Gay marriage bans fall in Idaho, Nevada after high court decision
By Dan Levine
SAN FRANCISCO (Reuters) - Legal momentum for extending U.S. marriage rights to same-sex couples accelerated on Tuesday as a federal appeals court struck down bans on gay matrimony in Idaho and Nevada a day after the U.S. Supreme Court let stand similar rulings for five other states.
The 9th U.S. Circuit Court of Appeals in San Francisco ruled the bans in Idaho and Nevada violated the constitution and cannot be enforced, adding to a growing list of states where same-sex unions are now legal.
"Idaho and Nevada's marriage laws, by preventing same-sex couples from marrying and refusing to recognize same-sex marriages celebrated elsewhere, impose profound legal, financial, social and psychic harms on numerous citizens of those states," Judge Stephen Reinhardt wrote.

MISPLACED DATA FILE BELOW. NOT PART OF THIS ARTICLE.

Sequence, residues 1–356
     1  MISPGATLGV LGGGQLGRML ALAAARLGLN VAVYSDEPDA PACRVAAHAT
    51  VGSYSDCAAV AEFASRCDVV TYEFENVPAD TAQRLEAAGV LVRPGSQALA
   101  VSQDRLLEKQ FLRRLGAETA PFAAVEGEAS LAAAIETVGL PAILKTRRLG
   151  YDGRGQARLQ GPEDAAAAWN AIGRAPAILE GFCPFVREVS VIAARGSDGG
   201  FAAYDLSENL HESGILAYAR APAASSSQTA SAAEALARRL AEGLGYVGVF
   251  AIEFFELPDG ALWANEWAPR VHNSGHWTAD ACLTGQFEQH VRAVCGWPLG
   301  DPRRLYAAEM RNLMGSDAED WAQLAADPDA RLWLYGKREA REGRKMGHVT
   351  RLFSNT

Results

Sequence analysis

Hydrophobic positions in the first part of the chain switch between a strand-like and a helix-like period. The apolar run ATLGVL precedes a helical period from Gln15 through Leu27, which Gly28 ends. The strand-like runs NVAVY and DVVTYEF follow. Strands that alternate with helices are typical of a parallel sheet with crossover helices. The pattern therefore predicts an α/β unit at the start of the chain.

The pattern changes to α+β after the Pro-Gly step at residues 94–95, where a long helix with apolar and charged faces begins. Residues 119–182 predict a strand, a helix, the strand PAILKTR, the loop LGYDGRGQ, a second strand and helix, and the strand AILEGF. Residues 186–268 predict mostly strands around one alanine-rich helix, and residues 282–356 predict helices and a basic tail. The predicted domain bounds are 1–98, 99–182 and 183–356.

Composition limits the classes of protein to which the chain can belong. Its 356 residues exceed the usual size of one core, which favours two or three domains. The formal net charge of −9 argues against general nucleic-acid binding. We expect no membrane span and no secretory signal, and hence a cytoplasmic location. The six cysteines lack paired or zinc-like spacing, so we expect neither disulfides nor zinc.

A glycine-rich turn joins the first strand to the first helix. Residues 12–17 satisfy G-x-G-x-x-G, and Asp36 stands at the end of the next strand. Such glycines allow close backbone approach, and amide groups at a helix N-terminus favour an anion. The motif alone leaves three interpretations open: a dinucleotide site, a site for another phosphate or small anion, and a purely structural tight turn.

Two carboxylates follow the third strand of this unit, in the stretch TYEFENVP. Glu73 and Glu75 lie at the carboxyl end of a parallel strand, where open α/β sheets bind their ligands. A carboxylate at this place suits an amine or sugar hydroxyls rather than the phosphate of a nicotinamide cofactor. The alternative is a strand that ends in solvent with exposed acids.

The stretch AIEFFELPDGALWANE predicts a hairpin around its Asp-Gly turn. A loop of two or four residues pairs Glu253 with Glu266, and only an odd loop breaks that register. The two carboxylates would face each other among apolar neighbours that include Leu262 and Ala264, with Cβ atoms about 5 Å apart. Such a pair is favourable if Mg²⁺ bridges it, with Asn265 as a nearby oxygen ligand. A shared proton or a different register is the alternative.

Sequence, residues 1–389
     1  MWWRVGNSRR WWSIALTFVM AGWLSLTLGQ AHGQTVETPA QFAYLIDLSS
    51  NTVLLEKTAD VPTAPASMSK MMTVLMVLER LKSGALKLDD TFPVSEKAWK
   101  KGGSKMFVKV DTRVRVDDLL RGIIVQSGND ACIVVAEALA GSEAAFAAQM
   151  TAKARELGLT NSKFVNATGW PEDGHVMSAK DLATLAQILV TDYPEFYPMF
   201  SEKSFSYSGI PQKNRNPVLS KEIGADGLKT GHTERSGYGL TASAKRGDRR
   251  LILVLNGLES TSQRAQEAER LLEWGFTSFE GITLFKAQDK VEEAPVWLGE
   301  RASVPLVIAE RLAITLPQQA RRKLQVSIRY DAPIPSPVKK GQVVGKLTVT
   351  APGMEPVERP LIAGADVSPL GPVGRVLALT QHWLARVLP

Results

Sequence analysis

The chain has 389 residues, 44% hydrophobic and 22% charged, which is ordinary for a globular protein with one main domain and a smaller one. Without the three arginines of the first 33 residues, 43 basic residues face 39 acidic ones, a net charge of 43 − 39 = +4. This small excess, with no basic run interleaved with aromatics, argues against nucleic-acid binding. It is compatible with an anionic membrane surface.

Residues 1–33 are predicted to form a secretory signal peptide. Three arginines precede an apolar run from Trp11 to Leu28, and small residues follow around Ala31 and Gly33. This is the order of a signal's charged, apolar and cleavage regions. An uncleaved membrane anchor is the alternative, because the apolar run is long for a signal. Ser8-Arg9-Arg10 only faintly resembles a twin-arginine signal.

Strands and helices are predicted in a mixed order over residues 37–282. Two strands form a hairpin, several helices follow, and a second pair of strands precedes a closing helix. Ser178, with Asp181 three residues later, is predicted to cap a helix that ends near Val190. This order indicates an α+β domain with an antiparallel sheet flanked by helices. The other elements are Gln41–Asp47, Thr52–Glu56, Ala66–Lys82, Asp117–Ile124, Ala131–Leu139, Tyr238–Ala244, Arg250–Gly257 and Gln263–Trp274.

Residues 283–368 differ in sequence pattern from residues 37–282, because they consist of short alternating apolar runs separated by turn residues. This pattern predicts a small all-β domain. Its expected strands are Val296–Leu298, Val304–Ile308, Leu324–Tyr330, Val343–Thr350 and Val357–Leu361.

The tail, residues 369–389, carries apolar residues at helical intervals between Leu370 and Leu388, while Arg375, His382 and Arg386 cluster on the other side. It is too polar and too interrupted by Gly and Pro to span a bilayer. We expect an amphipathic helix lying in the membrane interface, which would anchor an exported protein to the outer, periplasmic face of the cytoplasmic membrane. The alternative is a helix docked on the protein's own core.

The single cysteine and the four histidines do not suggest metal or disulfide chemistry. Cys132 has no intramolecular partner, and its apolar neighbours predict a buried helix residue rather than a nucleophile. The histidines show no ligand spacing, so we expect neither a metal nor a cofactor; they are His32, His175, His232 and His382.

Rulings for the 9th Circuit are binding on all states in the court's region including three others that do not permit gay marriage, Arizona, Montana and Alaska, putting the United States on track for legalized gay marriage in 35 states.
In Idaho, Ty Carson and her lesbian partner of 16 years, Becky McGavin, were among the gay couples who plan to rush to the county courthouse in Boise to receive licenses.
"This is beyond my wildest dreams. I'm trying to get hold of Becky so we can get married as soon as possible," Carson said.
Chelsea Carattini, an assistant to the Ada County District Court Clerk in Boise, said her office was awaiting formal direction before issuing licenses. In Nevada, a Clark County official said the state attorney general's office still needed to review the ruling.
But Clark County Clerk Diana Alba said her office has been preparing for weeks, including changing the applications for marriage licenses so they use gender-neutral pronouns, employing "party one" and "party two" instead of "bride" and "groom." Continued...